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I wonder how level 1 vs level 2 charging affects battery life and efficiency. Does the battery take differently to fast vs slow charge in the long run?
 

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To recreate the experiment, I ran the car around town for several days without charging at night (my normal SOP). I made 285.3 miles on 56.2kW (5.1m/kW and the average temp was in the 70’s). The range read 3 miles when I dared go no further. The JuiceBox says it took 59.993 kWh to stuff 56kW into her. To be able to still use ~56.5kW of the 60kW battery seems pretty good.....to me anyway. That’s 94.2%.
You've got your units wrong again. In all of the above cases, kWh are the correct units.

kW and kWh are very different metrics. Please see https://www.mynissanleaf.com/viewtopic.php?p=520169#p520169.
 

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I wonder how level 1 vs level 2 charging affects battery life and efficiency. Does the battery take differently to fast vs slow charge in the long run?
On a Nissan Leaf forum a few years ago someone quoted a battery expert who said L2 provided enough power to burn off something that builds up in the cells that L1 charging could not. Sorry, cannot remember the specific terms used.
 

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[....]
And some interesting surprises

Depth of Discharge (DoD) is critical and can cut battery cycle life by a factor of four if constantly repeated. A model battery may have a 20,000 cycle life discharging 40% regularly and only 5,000 cycles discharging >95%. This condition may be an issue with drivers who adopt a 'gasoline' fueling model: run to near empty then hit the DCFC. Remember, this is not going to happen with one long drive; 5,000 daily cycles is well over 15 years.

I enjoyed the read and hopefully you can add to the forum.
As you say, it is not going to happen over one long drive, but it does beg the question of getting a sense of how much damage is done over just a few discharges >95%. For one thing, that is one method that some here seem to follow in order to get a sense of their own test their own battery capacity.
 

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I'm more paranoid than most when it comes to battery degradation but even I think the occasional discharge to 0% (or thereabouts) or the occasional charge to 100% won't be noticeable.
I think most of the paranoia stems from the days when the LION in our cell phones would degrade down to nothing in 2 years or less.
The biggest cause of that issue was that phones had no BMS AND people would leave them ON overnight while charging. The phones would literally charge 100%, stop, drop to 99% then charge back up to 100% again.. over and over, hundreds, maybe thousands of times overnight.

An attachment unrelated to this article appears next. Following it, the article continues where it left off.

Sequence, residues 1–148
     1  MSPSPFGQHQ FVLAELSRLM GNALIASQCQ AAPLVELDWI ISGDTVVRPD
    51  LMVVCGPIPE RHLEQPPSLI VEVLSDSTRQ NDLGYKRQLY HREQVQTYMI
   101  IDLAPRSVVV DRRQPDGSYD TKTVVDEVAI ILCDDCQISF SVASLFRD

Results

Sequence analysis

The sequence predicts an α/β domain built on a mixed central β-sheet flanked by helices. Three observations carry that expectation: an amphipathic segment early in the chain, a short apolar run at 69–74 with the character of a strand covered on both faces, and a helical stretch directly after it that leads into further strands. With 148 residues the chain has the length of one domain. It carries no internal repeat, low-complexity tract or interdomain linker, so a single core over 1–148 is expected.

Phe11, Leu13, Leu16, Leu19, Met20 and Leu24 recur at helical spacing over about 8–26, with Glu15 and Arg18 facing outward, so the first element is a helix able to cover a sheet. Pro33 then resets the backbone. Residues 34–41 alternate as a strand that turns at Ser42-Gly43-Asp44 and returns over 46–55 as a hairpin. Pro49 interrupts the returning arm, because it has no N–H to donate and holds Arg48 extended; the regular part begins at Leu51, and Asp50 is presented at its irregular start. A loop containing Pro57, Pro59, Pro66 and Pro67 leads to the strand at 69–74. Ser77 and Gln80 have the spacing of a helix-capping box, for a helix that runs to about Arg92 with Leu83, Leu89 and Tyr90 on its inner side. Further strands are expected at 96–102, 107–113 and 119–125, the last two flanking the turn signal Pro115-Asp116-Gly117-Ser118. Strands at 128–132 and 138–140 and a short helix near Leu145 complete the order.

I'm not saying we've completely solved LION degradation issues, but with BMS to prevent the situation described above, and to regulate charging in other aspects as well, in addition to temperature management systems, and better chemistry, we should be looking at long battery life.
 

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On a Nissan Leaf forum a few years ago someone quoted a battery expert who said L2 provided enough power to burn off something that builds up in the cells that L1 charging could not. Sorry, cannot remember the specific terms used.
It's always been assumed slow charging conventional 12V batteries was better than fast charging, for longer lifetimes.
 

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To recreate the experiment, I ran the car around town for several days without charging at night (my normal SOP). I made 285.3 miles on 56.2kW (5.1m/kW and the average temp was in the 70’s). The range read 3 miles when I dared go no further. The JuiceBox says it took 59.993 kWh to stuff 56kW into her. To be able to still use ~56.5kW of the 60kW battery seems pretty good.....to me anyway. That’s 94.2%.

Armed with the comments in this thread, the paper I still need to read and the data I’ve gathered, I’m willing to put this to bed......for now. I think I’ll try seeing how far down I can take her every quarter or so and see what the long term data tells me. Stay tuned.
If I remember correctly, you could still have something like 10 miles of range left after the GOM stops displaying, which would represent about 2 kWh in your case. You also don't have a SoC figure when you had consumed 56.2 kW, so we don't know how much was left. My guess is you have better than 94% capacity remaining.
 

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A friend of mine has a B-I-L who's an EE and works at the local battery plant (XALT). They've tested and dissassembled a Bolt battery pack. His summary - the pack will last forever.
Michigan? I think the Bolt will rust out before the battery pack goes.
 

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Hey, @p7wang, it's cool that you've stumbled upon “Battery University”. As a relative newcomer to the forum, you might be unaware that its articles have been referenced on various threads on the forum (no surprise, since the site has been around for a while and its articles are usually pretty unchanged from several years ago).

It's worth remembering that
  • The article you took a screenshot of (but didn't link to) dates back to 2010. It has been updated periodically, but the tables you quote are from 2016.
  • The article is mostly about laptop and cell-phone batteries.
  • The NMC 622 chemistry in the Bolt isn't specifically discussed on that page (nor have I found much about them on the site as a whole). NMC 622 can apparently support higher voltages than the usual 4.2 volt maximum of most Lithium Ion batteries, although manufacturers like LG will still state 4.2 volts as a maximum voltage as they care about battery longevity in automotive applications.
  • GM has said that the Bolt has a (small) buffer at the top and bottom end, so when a Bolt charges to “100%”, ODB-II data indicates it's really charging to 96%.
  • Most published papers are on base-line cells, not automotive-grade ones with proprietary additives, which really do make a performance difference in practice.
The most important question is the one we don't have a full answer for. How many cycles does a Bolt battery need to go through before it starts to decline significantly. Is it 500? (119,000 EPA miles), or 1000? (238,000 EPA miles), or more? What factors influence that number.